It can be hard to visualize something you can’t see, so when NASA announced the TRAPPIST-1 system, they knew they needed to get some great artists to visually represent the amazing new system.
Robert Hurt, a visualization scientist at Caltech’s IPAC Center with a Ph.D. in astrophysics, and Tim Pyle, a multimedia producer with a background in Hollywood special effects, came together to create visualizations of the TRAPPIST-1 system.
The seven-planet system discovered by NASA’s Spitzer Space Telescope has three Earth-size planets in its habitable zone. As no telescope is powerful enough to photograph our distant neighbors yet, the two were tasked with creating realistic renderings of what they might look like.
“For the public, the value of this is not just giving them a picture of something somebody made up,” Douglas Hudgins, a program scientist for the Exoplanet Exploration Program at NASA Headquarters, said in a press release. “These are real, educated guesses of how something might look to human beings. An image is worth a thousand words.”
Hurt and Pyle worked with data from telescopes and consulted the discovery team at NASA as they went along. TRAPPIST-1b was inspired by Jupiter’s moon, Io. Pyle based the design of TRAPPIST-1h, the most distant and mysterious planet in the system, off two more of Jupiter’s moons, Ganymede and Europa.
“When we’re doing these artist’s concepts, we’re never saying, ‘This is what these planets actually look like,'” Pyle said. “We’re doing plausible illustrations of what they could look like, based on what we know so far. Having this wide range of seven planets actually let us illustrate almost the whole breadth of what would be plausible. This was going to be this incredible interstellar laboratory for what could happen on an Earth-sized planet.”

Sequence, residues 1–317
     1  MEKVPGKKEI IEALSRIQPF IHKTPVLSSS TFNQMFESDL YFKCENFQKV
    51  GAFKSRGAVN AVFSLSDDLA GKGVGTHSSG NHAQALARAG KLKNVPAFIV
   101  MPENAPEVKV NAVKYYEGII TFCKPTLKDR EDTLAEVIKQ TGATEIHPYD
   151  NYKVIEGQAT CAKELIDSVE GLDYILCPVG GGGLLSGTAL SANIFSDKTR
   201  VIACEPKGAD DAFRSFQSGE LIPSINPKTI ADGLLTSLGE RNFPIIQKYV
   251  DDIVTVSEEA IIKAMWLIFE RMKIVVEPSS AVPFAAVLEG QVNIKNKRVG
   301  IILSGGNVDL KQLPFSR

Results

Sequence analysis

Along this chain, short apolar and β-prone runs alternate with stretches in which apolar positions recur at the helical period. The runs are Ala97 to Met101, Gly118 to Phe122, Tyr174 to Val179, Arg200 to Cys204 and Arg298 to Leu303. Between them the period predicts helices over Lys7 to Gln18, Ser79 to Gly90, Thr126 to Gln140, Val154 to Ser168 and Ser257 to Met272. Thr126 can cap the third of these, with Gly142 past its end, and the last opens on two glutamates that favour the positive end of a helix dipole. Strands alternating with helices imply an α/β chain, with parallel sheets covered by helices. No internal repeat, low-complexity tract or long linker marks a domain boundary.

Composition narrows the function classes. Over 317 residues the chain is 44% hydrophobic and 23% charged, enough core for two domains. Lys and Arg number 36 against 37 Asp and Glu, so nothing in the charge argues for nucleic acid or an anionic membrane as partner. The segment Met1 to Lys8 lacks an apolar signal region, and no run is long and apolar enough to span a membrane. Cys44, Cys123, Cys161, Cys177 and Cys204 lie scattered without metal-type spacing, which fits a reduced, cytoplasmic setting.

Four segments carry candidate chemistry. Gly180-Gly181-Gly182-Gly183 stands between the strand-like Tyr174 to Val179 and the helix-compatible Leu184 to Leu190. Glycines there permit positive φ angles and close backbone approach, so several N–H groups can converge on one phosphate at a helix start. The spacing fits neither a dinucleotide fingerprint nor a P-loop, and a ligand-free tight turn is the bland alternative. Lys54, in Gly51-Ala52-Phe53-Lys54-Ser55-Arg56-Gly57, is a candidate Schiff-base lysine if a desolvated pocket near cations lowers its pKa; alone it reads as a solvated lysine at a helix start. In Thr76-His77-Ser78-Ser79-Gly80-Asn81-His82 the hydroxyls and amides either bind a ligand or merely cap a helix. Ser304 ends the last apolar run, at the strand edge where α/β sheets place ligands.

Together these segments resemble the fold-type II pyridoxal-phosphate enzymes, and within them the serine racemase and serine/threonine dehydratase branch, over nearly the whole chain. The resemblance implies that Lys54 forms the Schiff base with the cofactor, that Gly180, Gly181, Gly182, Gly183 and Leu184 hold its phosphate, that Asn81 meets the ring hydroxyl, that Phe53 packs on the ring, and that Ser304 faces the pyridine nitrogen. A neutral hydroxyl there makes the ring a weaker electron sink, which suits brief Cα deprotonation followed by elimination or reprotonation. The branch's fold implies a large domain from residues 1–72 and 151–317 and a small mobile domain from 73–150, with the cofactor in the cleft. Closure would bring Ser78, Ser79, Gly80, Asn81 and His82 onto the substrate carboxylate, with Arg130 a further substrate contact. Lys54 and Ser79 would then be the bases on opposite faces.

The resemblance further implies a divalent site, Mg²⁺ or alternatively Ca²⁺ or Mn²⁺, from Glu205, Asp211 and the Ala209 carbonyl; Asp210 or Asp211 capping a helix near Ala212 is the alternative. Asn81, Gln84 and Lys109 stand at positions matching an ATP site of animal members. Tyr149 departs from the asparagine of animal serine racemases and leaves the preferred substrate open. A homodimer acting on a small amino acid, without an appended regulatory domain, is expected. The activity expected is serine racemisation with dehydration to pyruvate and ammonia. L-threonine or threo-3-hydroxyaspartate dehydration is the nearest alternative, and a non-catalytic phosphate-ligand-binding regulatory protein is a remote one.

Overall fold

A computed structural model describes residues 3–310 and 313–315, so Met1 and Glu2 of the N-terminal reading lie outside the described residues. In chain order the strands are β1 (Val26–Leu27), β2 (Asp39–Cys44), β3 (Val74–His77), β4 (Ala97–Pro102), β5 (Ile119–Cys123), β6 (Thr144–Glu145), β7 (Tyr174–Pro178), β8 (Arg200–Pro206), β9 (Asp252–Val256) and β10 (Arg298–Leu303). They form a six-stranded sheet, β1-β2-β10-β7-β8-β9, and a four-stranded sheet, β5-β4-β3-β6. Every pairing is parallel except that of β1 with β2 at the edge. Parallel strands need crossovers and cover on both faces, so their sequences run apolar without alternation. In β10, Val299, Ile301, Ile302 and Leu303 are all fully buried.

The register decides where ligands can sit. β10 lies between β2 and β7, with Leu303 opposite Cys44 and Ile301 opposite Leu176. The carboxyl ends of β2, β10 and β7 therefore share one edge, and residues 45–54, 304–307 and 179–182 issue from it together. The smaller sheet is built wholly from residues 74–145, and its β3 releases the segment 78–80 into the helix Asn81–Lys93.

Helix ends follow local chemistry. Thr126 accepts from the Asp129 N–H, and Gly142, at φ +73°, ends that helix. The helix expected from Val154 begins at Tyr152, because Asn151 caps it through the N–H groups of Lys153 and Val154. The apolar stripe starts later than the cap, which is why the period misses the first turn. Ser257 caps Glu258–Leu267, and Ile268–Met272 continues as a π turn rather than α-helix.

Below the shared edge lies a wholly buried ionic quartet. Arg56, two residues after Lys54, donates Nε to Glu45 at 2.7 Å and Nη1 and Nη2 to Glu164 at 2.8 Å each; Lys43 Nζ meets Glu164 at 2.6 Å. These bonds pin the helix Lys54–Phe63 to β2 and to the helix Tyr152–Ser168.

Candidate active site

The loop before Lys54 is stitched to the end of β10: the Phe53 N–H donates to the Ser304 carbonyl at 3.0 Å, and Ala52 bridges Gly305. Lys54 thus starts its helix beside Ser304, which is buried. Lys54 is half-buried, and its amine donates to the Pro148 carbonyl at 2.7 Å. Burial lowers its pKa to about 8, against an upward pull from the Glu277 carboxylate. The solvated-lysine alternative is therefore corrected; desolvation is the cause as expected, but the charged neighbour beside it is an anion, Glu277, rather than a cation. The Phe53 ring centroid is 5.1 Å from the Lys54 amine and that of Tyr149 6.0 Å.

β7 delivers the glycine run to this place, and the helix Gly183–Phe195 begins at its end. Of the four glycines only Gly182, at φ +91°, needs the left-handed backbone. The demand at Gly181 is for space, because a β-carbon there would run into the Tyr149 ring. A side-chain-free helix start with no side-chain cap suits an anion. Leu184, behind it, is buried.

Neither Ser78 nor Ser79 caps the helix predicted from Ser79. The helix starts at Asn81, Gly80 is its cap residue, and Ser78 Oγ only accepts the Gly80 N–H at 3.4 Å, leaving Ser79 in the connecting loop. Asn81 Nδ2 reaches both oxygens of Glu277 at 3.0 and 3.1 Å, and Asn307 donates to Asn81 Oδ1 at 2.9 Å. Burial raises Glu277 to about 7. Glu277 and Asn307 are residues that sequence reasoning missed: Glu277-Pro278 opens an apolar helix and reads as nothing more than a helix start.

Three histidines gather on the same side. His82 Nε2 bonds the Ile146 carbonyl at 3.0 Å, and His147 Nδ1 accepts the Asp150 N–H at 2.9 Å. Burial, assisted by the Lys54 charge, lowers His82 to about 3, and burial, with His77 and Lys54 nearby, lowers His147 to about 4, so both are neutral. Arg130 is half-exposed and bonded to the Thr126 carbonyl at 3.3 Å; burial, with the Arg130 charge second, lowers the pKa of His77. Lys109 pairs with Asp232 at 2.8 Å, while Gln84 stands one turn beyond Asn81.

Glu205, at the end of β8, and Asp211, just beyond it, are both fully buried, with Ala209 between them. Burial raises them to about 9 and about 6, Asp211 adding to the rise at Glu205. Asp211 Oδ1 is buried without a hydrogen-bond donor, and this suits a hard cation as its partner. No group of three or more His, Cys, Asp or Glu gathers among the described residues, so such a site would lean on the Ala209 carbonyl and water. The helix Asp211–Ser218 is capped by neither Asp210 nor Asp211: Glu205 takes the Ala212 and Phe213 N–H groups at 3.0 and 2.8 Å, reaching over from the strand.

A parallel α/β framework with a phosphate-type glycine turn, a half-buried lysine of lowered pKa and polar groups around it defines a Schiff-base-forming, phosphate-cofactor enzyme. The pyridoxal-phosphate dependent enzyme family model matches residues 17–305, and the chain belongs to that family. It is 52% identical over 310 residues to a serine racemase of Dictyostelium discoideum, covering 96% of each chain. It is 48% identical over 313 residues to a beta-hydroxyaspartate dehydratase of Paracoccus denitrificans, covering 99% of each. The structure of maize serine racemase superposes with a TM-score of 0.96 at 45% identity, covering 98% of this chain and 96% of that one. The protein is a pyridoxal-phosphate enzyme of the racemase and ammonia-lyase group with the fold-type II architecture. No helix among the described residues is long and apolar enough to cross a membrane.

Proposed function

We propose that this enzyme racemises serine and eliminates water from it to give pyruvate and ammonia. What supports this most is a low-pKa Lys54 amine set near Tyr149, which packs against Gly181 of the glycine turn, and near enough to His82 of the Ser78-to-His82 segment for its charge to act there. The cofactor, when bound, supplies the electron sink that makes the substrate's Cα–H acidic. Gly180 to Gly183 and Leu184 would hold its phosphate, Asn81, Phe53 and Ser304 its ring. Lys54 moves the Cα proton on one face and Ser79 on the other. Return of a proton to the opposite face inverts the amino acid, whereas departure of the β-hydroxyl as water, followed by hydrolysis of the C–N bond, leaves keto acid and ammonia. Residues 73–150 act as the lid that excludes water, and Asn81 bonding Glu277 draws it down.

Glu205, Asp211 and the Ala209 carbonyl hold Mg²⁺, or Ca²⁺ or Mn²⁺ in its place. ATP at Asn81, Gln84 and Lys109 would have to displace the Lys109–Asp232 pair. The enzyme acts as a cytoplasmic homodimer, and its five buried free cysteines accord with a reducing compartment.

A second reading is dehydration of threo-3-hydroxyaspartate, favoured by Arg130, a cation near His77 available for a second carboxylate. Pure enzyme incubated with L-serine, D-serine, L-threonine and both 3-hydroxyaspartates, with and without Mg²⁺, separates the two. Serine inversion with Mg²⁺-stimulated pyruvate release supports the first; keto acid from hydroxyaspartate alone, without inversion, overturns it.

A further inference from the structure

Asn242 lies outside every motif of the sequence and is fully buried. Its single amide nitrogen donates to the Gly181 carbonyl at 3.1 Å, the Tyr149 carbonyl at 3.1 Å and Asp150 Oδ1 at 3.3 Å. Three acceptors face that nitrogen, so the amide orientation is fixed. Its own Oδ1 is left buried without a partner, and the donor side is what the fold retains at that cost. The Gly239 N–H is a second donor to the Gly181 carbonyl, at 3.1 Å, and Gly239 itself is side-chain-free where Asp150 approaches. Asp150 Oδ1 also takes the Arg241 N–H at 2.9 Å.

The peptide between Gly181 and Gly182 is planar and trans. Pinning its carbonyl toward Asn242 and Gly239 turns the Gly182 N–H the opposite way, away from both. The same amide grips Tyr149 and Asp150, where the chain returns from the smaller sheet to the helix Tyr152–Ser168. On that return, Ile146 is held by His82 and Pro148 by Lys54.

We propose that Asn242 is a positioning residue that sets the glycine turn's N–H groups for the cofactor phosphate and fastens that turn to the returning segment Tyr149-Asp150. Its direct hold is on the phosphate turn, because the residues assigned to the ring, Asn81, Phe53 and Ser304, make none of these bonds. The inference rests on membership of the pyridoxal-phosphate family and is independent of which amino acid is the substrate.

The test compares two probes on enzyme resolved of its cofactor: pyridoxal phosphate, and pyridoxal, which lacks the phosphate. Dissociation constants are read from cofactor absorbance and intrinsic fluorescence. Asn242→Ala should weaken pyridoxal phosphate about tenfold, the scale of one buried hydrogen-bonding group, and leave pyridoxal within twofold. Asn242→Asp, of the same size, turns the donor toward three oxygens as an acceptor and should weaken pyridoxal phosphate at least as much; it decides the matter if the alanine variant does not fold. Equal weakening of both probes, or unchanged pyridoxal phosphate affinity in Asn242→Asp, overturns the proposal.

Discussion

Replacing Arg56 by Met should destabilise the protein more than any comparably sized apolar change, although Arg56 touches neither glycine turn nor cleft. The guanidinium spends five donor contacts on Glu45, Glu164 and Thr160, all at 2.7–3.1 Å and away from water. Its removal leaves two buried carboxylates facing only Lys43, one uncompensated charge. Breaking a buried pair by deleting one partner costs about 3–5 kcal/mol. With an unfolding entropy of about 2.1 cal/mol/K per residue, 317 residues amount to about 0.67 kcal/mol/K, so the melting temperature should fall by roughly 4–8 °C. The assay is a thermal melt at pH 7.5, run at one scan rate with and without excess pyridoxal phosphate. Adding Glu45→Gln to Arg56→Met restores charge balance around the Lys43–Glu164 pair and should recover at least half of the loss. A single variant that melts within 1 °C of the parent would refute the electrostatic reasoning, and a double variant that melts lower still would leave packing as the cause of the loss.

Based on the possibly that the planets are tidally locked, Hurt put an ice cap on TRAPPIST-1c’s dark side. Hurt also took a little creative liberty, putting water on the “dayside” of TRAPPIST-1d, one of the three habitable planets. Scientists originally wanted him to depict an “eyeball world,” where the side facing the host star would be hot and dry, the side on the back would be icy, and the middle would have water. But Hurt tried to convince them his design would be the best bet.
“Then I kind of pushed back, and said, ‘If it’s on the dark side, no one can look at it and understand we’re saying there’s water there,’” Hurt said.
After the disagreement, the team compromised, allowing water to be seen in the “dayside.”
Ultimately, the team’s main goal was to get the public excited about science and give them more information about what these planets might look like.